We must accept finite disappointment, but never lose finite hope — Martin Luther King Jr.
I looked up from the computer screen and saw disappointment in my mom’s eyes. My results made sure I wasn’t getting into my dream university. Although the dream was mine, it was equally hers.
I gave it my best shot. I had done all the right things. Studied the best I could, enrolled in extra classes to get tips and tricks for the test, sacrificed Saturday nights for test prep. Yet, despite the mock test scores, futile percentile ranges, innumerable extra curriculars, and false hopes from my peers, I still did not get through. I was disappointed. There must have been a mistake.
But no matter how many times I looked at the result in secret, it did not change. And no matter how many times mom said, “it was gonna be okay” I knew she was disappointed as was I. The reassurance from neighbors/relatives/well-wishers suggesting XYZ did not get into that college either or there’s always a good reason for what happens, the sting of rejection hurt.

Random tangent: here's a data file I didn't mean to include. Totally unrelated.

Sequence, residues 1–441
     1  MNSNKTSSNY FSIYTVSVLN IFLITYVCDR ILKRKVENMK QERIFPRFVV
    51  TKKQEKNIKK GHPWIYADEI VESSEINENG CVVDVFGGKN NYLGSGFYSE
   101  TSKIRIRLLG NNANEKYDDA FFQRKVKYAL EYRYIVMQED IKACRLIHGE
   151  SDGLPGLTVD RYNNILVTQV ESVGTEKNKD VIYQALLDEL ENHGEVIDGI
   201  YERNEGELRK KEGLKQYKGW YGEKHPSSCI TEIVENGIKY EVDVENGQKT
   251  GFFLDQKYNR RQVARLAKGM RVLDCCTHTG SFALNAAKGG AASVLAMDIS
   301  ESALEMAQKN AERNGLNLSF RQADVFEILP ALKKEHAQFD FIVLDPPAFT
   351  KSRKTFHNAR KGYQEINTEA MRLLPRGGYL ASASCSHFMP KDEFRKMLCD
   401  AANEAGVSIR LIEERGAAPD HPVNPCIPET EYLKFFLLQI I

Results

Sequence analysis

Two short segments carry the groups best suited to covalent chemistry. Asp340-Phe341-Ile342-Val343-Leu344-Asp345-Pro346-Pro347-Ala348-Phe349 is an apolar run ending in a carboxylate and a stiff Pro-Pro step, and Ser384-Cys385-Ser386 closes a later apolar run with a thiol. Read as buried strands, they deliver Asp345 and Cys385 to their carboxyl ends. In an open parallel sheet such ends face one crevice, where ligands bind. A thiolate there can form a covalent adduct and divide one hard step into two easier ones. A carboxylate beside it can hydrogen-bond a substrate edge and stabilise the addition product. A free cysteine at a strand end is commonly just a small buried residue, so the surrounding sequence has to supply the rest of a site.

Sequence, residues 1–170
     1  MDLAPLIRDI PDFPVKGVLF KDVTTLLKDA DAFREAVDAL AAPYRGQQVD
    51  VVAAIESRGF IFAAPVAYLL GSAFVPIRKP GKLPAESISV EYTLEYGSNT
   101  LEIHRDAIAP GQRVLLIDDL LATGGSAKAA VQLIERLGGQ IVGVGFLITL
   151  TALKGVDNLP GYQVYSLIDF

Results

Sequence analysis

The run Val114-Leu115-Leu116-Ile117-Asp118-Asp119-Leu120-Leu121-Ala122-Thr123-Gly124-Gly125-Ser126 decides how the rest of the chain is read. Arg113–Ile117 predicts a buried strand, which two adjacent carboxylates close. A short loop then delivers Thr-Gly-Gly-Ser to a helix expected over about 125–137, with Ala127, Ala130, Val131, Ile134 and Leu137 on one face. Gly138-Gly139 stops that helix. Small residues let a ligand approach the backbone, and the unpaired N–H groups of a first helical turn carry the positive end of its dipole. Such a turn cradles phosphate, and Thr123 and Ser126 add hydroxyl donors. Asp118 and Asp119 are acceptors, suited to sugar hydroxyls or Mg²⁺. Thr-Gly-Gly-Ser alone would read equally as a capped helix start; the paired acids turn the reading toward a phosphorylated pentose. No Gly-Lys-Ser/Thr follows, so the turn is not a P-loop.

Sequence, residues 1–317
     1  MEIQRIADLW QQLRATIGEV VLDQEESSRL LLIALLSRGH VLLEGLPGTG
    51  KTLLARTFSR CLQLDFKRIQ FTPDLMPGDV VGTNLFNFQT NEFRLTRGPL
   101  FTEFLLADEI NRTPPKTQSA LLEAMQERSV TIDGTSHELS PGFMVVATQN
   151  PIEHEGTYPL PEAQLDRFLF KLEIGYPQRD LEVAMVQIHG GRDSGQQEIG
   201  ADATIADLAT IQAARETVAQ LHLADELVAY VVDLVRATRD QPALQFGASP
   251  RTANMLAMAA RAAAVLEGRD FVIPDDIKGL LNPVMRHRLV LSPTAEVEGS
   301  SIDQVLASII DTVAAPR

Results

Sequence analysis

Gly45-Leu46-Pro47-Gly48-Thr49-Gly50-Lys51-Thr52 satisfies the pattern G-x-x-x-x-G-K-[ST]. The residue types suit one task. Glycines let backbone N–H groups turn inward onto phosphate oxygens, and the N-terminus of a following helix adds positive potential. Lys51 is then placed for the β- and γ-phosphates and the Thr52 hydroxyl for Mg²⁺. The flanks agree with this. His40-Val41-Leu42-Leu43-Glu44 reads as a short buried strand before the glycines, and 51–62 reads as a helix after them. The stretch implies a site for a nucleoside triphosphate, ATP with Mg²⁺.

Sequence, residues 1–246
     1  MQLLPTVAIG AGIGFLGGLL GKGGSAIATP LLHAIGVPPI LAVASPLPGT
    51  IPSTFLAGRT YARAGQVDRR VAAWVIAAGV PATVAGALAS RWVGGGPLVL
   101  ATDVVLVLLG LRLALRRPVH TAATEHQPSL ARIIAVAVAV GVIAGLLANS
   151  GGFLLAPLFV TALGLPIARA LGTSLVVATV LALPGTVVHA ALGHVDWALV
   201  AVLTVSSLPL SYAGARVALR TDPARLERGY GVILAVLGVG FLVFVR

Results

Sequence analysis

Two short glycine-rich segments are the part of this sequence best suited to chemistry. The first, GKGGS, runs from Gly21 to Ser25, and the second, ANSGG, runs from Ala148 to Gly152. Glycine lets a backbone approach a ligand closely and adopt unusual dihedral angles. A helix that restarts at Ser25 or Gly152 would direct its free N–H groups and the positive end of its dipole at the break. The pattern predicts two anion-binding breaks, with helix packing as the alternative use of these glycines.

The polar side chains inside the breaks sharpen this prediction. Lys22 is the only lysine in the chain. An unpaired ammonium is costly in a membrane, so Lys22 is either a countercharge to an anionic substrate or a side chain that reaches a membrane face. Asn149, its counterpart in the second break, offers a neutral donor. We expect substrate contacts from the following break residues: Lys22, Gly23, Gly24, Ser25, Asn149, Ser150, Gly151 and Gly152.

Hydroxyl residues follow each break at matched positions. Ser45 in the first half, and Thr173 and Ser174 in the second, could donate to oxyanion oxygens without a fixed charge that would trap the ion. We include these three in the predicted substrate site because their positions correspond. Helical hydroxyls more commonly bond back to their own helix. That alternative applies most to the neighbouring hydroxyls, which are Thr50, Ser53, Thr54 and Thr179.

In that moment, it felt like the end.
What could I do next? How would I talk to friends who did well and were on their way to success. I couldn’t seem to figure a way out of that moment.
But here’s the thing, this moment of disappointment wasn’t me. It didn’t define me. It actually opened me to a new world of exploration (stay with me), but I didn’t know it then until later.
What I Didn’t know then:
- Education empowered me, but did not define me
- I could be happy without the dream university
- Dream University tag was always a “good to have” feature not a “need to have” (I am a product manager now, if the word feature doesn’t already tell you that)
- World gave a rat’s ass about my % or GPA
- Life is so much more than a test result
- The disappointment was going to save my life!
Our brain is a sadist and holds on to life’s most difficult moments for as long as possible and will replay those for you without even clicking Play (just knows).